Science and Technology News

Thursday, August 25, 2016

Criminal Justice Technology in the News

More Cameras on Outside of School Buses Due to Vehicles Passing Them Illegally, (08/19/2016), Mitti Hicks

The Montgomery County (Md.) Police Department is in the process of mounting some 1,200 school bus cameras, one on each vehicle in the district. The rollout will take a total of four years; surveys have shown that approximately 1,200 drivers pass buses illegally in the county every school day.
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FWPD Tries New Crime-mapping Tool to Get Ahead of Trends
WFAA, (08/19/2016), Lauren Zakalik

The Omega Crime View Dashboard, a crime mapping tool updated twice daily, is helping officers from the Dallas-Ft. Worth Police Department access information on crime trends that previously could take up to two weeks to reach the field. Using information from this new database is allowing the department to adjust staffing as needed.
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LPD Officers Undergo Simulation Firearms Training
Sentinel-Echo, (08/22/2016), Kelly McKinney

Using a "shoot/don't shoot" training simulator on loan from the Kentucky League of Cities, the London Police Department has put all of its officers through simulated firearms training over a period of several weeks. The department requires its officers to take a similar training course annually, but conducted the training on its own for the first time in 2016 thanks to the loaner equipment.
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Corrections News
"It's Like a Baptismal": Prison Tattoo Removal Gives Ex-offenders a Chance at a New Life
Quartz, (08/20/2016), Renuka Rayasam

Research has indicated that inmates with tattoos have more rapid recidivism rates than those without, perhaps an indication that potential employers judge individuals based on their gang-related and other tattoos. Several jurisdictions have started programs to offer free tattoo removal to ex-inmates and soon-to-be ex-inmates in an attempt to cut down on reoffending. There are more than 200 free and low-cost tattoo removal programs in 37 states.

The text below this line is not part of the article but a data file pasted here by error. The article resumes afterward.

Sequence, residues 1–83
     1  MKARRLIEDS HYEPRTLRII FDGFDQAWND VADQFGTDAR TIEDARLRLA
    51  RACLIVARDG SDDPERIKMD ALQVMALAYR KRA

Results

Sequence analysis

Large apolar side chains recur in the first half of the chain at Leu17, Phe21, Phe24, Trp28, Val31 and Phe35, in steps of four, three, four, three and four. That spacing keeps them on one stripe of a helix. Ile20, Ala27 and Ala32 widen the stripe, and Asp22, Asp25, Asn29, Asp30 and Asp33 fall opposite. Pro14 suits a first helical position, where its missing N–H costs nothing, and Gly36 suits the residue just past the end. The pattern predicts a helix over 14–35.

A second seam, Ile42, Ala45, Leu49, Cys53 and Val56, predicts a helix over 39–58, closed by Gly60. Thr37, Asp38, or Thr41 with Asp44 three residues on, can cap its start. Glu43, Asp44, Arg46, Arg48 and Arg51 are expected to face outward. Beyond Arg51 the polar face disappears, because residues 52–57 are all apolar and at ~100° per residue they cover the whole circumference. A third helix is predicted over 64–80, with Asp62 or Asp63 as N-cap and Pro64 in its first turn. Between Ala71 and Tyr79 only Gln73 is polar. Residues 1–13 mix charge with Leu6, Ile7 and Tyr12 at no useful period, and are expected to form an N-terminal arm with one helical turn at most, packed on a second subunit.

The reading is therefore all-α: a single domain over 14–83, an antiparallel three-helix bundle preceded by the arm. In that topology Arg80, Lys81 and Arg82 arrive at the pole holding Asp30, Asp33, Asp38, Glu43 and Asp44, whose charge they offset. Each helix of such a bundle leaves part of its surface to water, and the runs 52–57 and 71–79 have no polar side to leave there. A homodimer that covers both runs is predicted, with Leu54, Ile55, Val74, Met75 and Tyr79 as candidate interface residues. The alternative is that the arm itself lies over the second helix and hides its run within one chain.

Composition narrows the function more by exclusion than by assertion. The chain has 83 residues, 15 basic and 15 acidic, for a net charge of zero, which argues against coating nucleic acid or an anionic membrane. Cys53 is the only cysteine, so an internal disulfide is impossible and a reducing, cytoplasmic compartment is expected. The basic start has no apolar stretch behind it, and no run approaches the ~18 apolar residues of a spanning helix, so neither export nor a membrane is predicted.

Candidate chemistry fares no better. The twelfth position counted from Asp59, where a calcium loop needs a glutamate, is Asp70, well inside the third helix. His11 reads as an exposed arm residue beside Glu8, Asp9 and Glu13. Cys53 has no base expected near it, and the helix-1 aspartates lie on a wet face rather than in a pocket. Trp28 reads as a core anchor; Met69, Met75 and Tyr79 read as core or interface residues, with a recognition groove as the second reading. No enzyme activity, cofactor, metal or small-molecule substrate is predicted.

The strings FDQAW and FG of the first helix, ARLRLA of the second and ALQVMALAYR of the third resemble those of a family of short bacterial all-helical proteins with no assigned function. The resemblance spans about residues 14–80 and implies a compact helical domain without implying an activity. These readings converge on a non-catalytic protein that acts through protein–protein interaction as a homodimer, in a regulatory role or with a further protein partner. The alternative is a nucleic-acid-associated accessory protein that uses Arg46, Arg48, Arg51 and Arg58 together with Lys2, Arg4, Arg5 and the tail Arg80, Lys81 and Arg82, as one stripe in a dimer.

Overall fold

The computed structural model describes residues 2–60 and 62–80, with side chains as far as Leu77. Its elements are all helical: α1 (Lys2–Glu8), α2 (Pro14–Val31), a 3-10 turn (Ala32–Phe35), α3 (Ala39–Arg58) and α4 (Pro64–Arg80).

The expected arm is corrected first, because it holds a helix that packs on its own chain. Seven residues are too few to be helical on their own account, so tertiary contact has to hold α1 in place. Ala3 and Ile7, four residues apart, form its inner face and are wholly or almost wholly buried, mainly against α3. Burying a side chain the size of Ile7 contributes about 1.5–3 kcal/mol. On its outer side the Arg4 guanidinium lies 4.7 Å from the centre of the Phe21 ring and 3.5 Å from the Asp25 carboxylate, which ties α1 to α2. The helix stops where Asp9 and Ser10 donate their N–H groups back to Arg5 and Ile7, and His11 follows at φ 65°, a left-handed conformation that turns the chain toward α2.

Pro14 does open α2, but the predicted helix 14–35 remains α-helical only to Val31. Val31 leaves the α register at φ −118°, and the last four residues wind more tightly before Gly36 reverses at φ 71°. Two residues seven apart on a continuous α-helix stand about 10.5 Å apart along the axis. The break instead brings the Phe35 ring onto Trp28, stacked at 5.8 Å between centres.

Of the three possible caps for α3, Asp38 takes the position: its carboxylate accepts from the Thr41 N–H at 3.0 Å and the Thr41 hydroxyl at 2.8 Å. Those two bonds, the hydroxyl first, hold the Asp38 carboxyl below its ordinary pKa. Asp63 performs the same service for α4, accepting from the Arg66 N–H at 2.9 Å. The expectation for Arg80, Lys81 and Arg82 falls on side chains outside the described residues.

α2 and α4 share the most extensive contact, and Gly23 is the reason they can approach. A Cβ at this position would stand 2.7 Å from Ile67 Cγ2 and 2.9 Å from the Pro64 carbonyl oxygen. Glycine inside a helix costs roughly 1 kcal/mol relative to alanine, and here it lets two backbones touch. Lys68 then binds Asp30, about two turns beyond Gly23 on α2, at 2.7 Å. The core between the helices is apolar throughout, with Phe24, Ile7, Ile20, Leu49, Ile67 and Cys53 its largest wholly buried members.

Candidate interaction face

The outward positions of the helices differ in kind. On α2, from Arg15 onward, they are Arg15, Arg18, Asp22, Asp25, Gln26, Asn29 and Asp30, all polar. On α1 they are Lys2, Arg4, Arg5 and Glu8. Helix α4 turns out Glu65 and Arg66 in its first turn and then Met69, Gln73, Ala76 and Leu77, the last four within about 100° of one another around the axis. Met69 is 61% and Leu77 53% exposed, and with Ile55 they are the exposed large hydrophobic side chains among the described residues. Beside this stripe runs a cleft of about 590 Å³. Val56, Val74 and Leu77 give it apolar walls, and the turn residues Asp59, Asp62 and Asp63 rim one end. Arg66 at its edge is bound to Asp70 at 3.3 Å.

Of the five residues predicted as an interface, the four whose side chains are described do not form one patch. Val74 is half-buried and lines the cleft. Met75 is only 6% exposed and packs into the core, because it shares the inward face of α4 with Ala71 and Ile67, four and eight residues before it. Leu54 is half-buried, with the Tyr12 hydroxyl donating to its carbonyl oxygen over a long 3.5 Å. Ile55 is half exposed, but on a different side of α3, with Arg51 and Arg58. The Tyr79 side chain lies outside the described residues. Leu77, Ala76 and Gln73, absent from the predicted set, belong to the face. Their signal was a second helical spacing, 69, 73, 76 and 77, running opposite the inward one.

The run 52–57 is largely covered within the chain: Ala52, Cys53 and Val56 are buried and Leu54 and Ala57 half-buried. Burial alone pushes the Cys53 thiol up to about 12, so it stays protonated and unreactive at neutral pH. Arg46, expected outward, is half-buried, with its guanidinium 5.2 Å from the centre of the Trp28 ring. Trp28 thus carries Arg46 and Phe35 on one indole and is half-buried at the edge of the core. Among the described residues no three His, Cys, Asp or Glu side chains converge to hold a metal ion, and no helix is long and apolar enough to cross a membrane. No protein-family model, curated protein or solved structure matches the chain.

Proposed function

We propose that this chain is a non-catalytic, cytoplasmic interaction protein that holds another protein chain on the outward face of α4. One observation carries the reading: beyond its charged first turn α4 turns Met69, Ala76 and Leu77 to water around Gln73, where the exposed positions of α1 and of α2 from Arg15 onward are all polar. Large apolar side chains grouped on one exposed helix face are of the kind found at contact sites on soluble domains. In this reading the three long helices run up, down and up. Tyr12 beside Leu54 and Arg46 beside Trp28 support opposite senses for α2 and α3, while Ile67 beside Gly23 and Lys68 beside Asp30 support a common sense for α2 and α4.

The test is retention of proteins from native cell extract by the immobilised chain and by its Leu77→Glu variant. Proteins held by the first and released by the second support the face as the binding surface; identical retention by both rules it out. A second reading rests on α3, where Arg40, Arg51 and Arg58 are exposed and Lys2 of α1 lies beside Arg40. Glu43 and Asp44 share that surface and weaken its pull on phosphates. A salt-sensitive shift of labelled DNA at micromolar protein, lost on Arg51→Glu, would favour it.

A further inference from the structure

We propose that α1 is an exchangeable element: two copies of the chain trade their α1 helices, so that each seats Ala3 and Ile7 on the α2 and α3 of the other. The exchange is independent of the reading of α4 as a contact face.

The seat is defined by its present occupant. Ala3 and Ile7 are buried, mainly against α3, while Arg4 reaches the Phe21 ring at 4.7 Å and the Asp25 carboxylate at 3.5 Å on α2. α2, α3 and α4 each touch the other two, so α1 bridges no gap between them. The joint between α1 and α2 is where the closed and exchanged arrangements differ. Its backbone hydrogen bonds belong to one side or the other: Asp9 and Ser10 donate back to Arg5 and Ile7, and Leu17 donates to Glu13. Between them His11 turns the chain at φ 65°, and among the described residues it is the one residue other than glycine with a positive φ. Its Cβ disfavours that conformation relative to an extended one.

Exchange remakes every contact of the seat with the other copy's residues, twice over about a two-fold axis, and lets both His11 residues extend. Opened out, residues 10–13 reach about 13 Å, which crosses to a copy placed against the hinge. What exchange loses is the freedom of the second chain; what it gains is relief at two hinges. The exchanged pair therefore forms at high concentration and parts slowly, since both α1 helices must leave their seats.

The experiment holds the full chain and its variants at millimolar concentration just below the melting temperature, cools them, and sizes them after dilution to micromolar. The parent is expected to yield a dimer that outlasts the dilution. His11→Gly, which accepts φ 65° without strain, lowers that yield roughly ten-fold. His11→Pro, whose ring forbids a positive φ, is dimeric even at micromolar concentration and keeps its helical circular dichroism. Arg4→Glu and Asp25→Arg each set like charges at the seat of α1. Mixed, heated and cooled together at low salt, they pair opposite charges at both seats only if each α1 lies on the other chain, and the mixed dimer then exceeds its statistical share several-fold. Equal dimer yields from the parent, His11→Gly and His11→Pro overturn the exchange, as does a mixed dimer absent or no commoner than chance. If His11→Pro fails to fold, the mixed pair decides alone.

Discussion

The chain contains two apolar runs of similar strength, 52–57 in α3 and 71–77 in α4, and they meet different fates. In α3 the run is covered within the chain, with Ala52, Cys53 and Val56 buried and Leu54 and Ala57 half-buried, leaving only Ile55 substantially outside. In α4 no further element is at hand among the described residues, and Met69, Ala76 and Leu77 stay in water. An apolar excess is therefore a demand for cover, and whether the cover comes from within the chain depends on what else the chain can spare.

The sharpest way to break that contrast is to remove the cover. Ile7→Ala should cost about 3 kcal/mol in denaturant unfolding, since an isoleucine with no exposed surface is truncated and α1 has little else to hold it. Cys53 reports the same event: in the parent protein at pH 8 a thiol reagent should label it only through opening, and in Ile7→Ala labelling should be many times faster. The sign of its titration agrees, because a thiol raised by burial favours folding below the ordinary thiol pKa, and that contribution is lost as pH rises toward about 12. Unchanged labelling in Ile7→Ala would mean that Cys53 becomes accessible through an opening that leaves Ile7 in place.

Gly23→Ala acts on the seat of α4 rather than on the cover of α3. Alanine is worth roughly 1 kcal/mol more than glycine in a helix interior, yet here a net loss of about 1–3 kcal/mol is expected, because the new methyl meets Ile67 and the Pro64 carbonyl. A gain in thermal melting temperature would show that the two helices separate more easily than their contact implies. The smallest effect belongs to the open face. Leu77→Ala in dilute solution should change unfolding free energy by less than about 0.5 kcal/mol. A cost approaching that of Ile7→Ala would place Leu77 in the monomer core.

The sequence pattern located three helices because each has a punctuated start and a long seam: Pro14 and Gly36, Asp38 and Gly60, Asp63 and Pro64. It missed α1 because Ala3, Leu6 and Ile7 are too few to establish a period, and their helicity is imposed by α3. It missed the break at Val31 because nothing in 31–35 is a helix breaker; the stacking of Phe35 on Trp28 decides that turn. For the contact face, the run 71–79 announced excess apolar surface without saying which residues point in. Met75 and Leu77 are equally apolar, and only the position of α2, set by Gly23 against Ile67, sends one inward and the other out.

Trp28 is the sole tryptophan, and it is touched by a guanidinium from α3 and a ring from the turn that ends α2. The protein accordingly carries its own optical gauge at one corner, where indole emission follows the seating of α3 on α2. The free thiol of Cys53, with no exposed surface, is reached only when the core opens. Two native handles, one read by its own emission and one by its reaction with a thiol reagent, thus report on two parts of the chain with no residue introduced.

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British Police Intercept Drones Flying Drugs, Cell Phones Into London Prison
Business Standard, (08/23/2016)

A drone crashed and another was intercepted by an officer as they attempted to fly contraband cell phones and illegal drugs into a prison north of London. Metropolitan Police are looking for anyone with information about the events, which took place on August 12 and 14 near London's Pentonville Jail.
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The Bexar County Jail Will Soon Only Do Video Visitation
San Antonio Current, (08/16/2016), Mark Reagan

In Bexar County, N.M., a new policy of video-only visitation at the Bexar County Jail goes into effect September 1. The program, at an annual cost of $760,000, will allow individuals to speak to persons in the jail via a live link connected to housing pods. Requests for face-to-face visitation will be considered on a per-case basis.
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Task Force Calls for 'Significantly Smaller' Youth Correctional Facilities
ABC8News, (08/5/2016), Kerri O'Brien

Juvenile offenders should be detained in smaller facilities closer to their homes, where their parents can be involved in their lives, according to recommendations from a Virginia state task force. A just-released interim report states that juvenile facilities should provide a therapeutic environment rather than simply confining individuals.
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Probable Posttraumatic Stress Disorder in a Sample of Urban Jail Detainees